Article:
Time to regulate?
Posted on 22nd March 2013 by Man Bites Dog
“Hacked Off in the room as the talks unfold,
Westminster’s about to make the media’s blood run cold
now they slappin’ backs and clappin’
it’s a tad bit late
Clegg, Miliband and Letwin had to regulate…”
Well, it’s been a big week for Warren G. Who would have thought his gangsta-funk rap genius would have inspired so many headlines? I personally can’t wait for the David Cameron, Nick Clegg, Hugh Grant and Ian Hislop Youtube mash-up.
Aside from Warren G’s triumphant week however, the prospect of the government brandishing a ‘watchdog with teeth’ at the press has certainly ruffled a few feathers. And so it should.
After warning that we should be ‘wary of any legislation that has the potential to infringe free speech’, Cameron has agreed to introduce a new press regulator backed by royal charter. Despite suggesting that such a measure would become ‘a vehicle for politicians’, the new regulator will be underpinned by statute and have the power to dole out million pound fines, demand prominent apologies, corrections and retractions, and threaten exemplary damages in civil cases for newspapers, magazines and in fact any ‘relevant publishers’ who don’t sign up.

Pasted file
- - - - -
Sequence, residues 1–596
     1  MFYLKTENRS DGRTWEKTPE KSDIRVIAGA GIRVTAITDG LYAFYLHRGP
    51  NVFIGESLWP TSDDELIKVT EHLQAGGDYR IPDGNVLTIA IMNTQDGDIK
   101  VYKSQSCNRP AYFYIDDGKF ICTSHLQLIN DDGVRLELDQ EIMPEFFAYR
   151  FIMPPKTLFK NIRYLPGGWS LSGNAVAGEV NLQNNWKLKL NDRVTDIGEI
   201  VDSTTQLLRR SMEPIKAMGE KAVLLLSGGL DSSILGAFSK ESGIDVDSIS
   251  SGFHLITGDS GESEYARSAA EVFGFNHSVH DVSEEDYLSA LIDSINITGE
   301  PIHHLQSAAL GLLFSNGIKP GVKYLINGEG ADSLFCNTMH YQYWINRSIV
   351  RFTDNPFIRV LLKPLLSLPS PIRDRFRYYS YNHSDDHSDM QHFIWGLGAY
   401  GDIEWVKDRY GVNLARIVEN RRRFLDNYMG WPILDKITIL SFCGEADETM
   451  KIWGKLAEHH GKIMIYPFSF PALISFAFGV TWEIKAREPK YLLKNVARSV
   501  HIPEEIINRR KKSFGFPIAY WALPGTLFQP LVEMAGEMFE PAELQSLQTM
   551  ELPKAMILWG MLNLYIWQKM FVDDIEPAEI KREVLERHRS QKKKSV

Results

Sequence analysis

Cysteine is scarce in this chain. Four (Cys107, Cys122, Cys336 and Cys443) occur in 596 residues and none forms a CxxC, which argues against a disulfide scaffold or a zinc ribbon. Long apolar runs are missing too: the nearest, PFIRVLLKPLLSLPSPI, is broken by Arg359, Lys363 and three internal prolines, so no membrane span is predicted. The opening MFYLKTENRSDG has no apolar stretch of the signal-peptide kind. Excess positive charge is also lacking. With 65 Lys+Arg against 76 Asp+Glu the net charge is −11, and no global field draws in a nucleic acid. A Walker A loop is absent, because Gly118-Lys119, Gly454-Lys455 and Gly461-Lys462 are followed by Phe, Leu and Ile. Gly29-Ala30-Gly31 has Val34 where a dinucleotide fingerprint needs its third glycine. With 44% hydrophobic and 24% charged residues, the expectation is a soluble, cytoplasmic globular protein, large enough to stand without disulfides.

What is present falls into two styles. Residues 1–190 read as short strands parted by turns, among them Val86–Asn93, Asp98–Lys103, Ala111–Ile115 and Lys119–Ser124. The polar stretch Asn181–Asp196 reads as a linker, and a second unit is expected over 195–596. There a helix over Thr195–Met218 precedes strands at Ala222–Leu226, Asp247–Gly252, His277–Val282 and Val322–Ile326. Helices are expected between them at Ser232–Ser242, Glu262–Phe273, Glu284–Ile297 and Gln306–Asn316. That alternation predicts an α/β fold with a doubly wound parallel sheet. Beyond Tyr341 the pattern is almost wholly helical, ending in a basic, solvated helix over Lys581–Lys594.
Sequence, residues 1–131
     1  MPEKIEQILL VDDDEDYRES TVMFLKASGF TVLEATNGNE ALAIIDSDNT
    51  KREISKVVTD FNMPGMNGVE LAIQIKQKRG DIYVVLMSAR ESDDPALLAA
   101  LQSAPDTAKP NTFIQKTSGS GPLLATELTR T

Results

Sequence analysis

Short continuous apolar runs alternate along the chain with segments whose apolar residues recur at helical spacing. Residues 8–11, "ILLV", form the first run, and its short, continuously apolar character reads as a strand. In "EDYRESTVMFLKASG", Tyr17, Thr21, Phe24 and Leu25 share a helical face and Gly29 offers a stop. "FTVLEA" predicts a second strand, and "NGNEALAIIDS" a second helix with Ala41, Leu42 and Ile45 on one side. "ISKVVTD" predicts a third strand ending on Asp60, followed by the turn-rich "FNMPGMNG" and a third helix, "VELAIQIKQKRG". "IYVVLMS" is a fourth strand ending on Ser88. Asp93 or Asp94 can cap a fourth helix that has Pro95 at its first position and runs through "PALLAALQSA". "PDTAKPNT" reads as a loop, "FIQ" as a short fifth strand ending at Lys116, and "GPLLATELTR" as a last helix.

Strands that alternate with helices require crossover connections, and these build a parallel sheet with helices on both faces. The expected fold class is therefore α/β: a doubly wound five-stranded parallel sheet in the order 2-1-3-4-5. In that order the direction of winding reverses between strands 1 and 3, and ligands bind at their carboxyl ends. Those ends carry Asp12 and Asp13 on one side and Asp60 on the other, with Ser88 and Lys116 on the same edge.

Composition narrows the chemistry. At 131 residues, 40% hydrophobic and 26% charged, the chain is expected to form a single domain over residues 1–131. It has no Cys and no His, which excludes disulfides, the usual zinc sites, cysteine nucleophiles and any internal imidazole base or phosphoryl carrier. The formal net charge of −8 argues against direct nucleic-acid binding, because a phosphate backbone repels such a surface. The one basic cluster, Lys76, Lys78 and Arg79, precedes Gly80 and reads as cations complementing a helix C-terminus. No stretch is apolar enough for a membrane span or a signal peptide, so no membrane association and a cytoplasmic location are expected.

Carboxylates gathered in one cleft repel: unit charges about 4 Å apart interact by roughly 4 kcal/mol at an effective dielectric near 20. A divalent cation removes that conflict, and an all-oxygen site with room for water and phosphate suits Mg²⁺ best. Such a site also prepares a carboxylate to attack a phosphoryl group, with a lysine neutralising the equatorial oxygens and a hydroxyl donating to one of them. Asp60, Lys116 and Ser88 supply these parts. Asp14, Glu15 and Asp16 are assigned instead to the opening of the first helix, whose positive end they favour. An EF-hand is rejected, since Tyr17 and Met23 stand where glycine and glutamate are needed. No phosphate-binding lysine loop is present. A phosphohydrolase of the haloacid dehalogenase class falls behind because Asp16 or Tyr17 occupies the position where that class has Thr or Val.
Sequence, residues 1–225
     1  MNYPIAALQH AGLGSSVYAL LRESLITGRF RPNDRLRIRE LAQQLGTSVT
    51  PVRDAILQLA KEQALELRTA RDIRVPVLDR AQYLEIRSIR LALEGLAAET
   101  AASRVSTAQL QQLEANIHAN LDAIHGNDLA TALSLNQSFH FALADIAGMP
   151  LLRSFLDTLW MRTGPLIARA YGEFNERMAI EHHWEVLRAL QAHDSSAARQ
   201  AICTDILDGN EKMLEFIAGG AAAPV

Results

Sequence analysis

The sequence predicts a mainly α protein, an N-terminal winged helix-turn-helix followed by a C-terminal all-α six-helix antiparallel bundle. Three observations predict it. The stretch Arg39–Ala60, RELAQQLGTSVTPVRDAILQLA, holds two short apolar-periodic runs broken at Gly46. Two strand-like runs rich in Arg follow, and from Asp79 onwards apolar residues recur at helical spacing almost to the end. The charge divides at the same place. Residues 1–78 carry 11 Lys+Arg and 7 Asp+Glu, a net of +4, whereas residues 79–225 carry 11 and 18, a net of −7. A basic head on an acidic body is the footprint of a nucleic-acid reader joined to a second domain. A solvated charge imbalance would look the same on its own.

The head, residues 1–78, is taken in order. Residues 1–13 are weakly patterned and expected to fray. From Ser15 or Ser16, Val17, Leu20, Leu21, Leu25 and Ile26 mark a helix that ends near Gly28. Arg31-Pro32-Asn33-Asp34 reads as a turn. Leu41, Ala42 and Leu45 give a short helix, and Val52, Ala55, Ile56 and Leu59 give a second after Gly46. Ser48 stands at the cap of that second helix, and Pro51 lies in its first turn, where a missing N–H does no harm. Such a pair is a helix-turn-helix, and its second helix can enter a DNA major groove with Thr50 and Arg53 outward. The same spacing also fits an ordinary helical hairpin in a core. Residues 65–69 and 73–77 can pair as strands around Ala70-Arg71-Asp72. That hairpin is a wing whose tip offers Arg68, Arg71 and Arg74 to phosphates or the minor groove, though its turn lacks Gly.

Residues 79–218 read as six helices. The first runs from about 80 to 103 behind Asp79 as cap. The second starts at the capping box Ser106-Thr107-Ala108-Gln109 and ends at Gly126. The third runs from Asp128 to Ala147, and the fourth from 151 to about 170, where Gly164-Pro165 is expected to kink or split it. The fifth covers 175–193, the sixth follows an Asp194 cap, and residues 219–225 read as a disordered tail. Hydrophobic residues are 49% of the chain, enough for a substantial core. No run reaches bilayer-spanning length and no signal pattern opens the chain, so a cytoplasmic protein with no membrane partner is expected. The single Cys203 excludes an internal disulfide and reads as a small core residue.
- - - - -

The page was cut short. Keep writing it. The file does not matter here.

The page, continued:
Not only does this tar an entire industry with the same brush as the minority of unscrupulous journalists who took part in illegal phone-hacking, but bloggers could also unwittingly find themselves threatened with exemplary damages from a regulator that was never intended for them.
Breaching privacy and libel laws remains just as illegal as it was before the phone hacking scandal, so if the threat of criminal punishment was not an effective deterrent back then, how will the new regulator prevent such crimes from happening in the future? And why should bloggers and the rest of the law-abiding media be punished for the crimes of others?
At a time when internet access is the only requirement to become a ‘relevant publisher’, the lack of clarity around who will be regulated and how suggests the announcement was somewhat rushed. I can’t think of many decisions I have made at 2.30 in the morning that I’ve been particularly proud of the following day, but at least none of mine have attracted the attention of the OSCE, an international organisation set up to police human rights.
There’s always something slightly unnerving about the three parties reaching unanimous agreement, but it seems that this time it is their common enemy, the press, that has united them. As Fraser Nelson pointed out, ‘H.L. Mencken said journalist is to politician as dog is to lamppost. This week has been about the revenge of the lamppost.’
We may have to wait for several weeks for further details of the new regulator to emerge, but judging by the reaction of the press this week one thing is clear: the dog will bite back.